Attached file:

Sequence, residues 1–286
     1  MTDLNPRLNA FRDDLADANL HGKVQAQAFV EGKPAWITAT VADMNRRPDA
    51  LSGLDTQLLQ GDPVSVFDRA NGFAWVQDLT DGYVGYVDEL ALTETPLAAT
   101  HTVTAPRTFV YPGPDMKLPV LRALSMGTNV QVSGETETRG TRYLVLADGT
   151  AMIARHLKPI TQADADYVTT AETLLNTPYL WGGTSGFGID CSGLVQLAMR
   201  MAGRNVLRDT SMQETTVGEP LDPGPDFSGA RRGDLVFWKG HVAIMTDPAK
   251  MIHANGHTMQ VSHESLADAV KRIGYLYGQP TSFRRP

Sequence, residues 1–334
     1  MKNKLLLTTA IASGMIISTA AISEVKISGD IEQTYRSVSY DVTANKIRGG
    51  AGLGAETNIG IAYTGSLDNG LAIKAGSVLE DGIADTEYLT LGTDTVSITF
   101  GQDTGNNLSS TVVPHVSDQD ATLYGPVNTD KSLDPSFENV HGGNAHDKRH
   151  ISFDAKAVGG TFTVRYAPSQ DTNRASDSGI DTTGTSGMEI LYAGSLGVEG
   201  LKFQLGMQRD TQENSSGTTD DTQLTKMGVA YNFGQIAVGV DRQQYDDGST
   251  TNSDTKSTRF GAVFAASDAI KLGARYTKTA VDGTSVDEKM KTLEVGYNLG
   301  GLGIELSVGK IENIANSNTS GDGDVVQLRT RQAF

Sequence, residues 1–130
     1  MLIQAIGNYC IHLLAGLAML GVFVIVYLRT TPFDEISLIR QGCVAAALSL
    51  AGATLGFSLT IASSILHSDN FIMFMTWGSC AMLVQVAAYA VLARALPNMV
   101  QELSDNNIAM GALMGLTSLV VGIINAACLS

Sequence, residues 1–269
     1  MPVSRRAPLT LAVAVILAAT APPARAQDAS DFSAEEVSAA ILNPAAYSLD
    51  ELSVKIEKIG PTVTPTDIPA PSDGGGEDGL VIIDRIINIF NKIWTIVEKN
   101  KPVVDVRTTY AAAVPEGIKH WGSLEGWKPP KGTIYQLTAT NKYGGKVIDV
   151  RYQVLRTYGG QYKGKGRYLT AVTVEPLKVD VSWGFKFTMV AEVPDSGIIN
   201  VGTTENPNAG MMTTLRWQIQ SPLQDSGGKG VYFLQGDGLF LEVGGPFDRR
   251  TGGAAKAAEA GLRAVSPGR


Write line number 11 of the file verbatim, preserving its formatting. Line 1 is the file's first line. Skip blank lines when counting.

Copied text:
   101  GQDTGNNLSS TVVPHVSDQD ATLYGPVNTD KSLDPSFENV HGGNAHDKRH